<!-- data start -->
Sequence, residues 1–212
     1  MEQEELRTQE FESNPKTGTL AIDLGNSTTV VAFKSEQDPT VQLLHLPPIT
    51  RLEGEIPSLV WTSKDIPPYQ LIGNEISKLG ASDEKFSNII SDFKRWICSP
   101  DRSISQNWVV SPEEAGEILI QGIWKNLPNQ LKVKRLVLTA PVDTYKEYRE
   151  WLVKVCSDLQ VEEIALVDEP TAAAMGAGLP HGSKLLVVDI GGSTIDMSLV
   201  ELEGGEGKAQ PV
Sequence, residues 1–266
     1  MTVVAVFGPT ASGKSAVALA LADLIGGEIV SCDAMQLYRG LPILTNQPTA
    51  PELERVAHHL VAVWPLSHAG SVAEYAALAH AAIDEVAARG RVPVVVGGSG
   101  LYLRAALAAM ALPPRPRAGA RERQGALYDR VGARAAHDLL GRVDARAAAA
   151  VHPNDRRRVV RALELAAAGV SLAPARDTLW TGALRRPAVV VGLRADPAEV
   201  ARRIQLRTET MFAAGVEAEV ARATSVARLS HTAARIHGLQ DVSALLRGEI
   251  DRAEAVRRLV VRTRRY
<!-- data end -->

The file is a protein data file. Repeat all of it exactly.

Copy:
Sequence, residues 1–212
     1  MEQEELRTQE FESNPKTGTL AIDLGNSTTV VAFKSEQDPT VQLLHLPPIT
    51  RLEGEIPSLV WTSKDIPPYQ LIGNEISKLG ASDEKFSNII SDFKRWICSP
   101  DRSISQNWVV SPEEAGEILI QGIWKNLPNQ LKVKRLVLTA PVDTYKEYRE
   151  WLVKVCSDLQ VEEIALVDEP TAAAMGAGLP HGSKLLVVDI GGSTIDMSLV
   201  ELEGGEGKAQ PV
Sequence, residues 1–266
     1  MTVVAVFGPT ASGKSAVALA LADLIGGEIV SCDAMQLYRG LPILTNQPTA
    51  PELERVAHHL VAVWPLSHAG SVAEYAALAH AAIDEVAARG RVPVVVGGSG
   101  LYLRAALAAM ALPPRPRAGA RERQGALYDR VGARAAHDLL GRVDARAAAA
   151  VHPNDRRRVV RALELAAAGV SLAPARDTLW TGALRRPAVV VGLRADPAEV
   201  ARRIQLRTET MFAAGVEAEV ARATSVARLS HTAARIHGLQ DVSALLRGEI
   251  DRAEAVRRLV VRTRRY